China Moving To Expand And Extend Its Global Reach
No Fear, China Is Incapable Of Using Foreign Aid To Influence Global Affairs
As nations in the West seek to refocus their finances and their interest on problems at home, some analysts fear that China will continue to raise its international presence and influence. Philippa Brant of Foreign Affairs believes those fears are overstated because (a) China’s involvement in foreign aid is limited by domestic concerns; and (b) many recipients have their own worries about China’s influence and its motives.
First and foremost, China is not transparent about their aid due to domestic politics. When more than 500 million people are mired in poverty, China has no desire to publicly voice its foreign aid program.
“It is hard for the Chinese to be open about foreign aid, especially when they are giving it to countries that may have a GDP per capita higher than China’s own,” Brant writes. A lack of transparency applies to China’s domestic politics as well as its unwillingness to comply with transparency guidelines and international norms that govern foreign aid.
“But the larger concern that some critics of Chinese aid raise — that China will replace the United States as the international donor of choice — is almost beside the point. Partner countries are often as skeptical about the motives of the Chinese as they are of Western donors. Many of the developing country leaders who initially fell under the spell of Chinese generosity are increasingly recognizing that no gifts are truly free. For example, a number of South Pacific countries have put a freeze on Chinese loans over concerns that, should they default, the Chinese might seek heavy concessions,” Brant adds.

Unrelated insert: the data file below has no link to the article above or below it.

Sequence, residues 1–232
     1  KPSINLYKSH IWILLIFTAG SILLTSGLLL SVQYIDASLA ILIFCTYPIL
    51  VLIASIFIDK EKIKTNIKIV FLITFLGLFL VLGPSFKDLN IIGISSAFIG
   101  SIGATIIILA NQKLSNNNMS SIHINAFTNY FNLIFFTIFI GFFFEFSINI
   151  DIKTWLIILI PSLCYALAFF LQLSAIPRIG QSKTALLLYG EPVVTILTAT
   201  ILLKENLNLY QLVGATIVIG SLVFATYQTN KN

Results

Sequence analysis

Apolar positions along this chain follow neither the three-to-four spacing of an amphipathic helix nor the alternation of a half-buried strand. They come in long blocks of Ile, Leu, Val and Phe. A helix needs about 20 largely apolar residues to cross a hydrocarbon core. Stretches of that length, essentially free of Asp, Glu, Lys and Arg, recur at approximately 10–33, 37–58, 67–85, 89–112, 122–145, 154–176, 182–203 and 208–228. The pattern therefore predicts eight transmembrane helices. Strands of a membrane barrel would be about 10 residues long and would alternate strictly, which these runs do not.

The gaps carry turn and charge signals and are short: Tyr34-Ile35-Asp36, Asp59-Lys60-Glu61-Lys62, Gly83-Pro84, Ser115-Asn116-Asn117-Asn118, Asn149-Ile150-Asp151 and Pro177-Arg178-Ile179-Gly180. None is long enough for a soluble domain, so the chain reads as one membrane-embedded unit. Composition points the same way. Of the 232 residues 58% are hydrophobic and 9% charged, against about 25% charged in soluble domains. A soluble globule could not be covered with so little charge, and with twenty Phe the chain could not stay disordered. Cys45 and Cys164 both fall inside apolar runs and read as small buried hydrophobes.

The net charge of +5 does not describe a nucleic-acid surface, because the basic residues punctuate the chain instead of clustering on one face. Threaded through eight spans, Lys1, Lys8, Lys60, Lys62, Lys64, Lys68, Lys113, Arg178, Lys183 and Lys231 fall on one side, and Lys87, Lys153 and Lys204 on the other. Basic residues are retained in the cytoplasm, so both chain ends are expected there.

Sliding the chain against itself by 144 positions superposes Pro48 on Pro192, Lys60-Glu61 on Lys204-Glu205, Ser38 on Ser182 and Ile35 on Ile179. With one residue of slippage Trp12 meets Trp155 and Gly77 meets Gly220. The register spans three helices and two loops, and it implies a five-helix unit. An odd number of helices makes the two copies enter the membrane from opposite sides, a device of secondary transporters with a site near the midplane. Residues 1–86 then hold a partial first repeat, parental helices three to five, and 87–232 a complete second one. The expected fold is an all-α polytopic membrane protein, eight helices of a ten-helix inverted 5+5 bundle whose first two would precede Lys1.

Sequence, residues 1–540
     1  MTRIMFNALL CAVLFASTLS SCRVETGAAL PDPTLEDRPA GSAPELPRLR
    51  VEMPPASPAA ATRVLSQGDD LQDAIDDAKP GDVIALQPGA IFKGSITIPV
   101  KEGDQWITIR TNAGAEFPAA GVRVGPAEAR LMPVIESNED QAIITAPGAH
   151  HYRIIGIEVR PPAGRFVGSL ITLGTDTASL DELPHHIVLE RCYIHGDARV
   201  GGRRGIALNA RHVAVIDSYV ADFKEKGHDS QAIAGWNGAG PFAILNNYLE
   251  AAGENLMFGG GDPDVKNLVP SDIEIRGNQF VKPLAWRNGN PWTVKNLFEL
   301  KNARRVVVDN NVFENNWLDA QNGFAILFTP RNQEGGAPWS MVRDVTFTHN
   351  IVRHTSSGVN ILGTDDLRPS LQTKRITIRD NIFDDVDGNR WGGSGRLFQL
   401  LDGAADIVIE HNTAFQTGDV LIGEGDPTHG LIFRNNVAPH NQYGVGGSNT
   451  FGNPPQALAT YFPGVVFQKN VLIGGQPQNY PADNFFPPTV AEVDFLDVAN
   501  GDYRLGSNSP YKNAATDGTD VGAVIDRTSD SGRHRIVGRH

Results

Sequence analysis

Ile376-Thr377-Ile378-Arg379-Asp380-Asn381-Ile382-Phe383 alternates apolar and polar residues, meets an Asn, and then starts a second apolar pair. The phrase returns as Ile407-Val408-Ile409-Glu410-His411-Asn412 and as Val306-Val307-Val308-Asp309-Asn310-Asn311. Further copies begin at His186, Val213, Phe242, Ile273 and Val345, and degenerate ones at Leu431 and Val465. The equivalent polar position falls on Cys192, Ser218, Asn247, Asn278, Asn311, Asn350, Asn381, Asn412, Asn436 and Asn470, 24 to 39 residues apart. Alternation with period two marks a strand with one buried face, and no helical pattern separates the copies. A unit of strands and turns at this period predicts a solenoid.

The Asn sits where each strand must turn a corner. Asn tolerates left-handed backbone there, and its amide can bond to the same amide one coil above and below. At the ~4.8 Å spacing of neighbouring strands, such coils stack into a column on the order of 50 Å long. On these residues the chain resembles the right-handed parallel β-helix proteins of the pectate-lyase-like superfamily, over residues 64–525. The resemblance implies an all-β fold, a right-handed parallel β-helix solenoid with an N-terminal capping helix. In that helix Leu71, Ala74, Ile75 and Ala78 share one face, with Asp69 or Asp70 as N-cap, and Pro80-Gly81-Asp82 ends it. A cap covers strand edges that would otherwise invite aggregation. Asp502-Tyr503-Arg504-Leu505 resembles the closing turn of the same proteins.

Foreign aid, however, is just one prong in a diverse approach taken by China in recent years to extend its influence beyond merely economic matters and beyond Asia as well.
Allan Topol contends China’s recent efforts to extend its reach was only strengthened by President Barack Obama’s decision to skip the recent ASEAN conference to deal with matters at home.
He notes that the Asian giant is competing for global supremacy in areas beyond economics and is “moving aggressively to tie up energy and other natural resources” through its foreign aid program and by building up its defense capacity.
“We can no longer close our eyes to the fact that China’s defense spending has risen by twelve percent or more a year for the last decade. China now has more active military personnel that the U.S….2.3 million versus 1.6 and almost as many bombers…132 to 155. It has produced its first aircraft carrier,” Topol writes in The Huffington Post.
China’s growing military capacity is the focus of an in-depth analysis published by the Center for Strategic and International Studies (CSIS) in September. The report states its goal is to open “an unclassified dialogue on the military developments in China” and to focus “on the actual changes taking place in Chinese forces” with the aim of providing “both US and Chinese analysts with a better basis for understanding Western estimates of the changes in Chinese force strength and force quality.”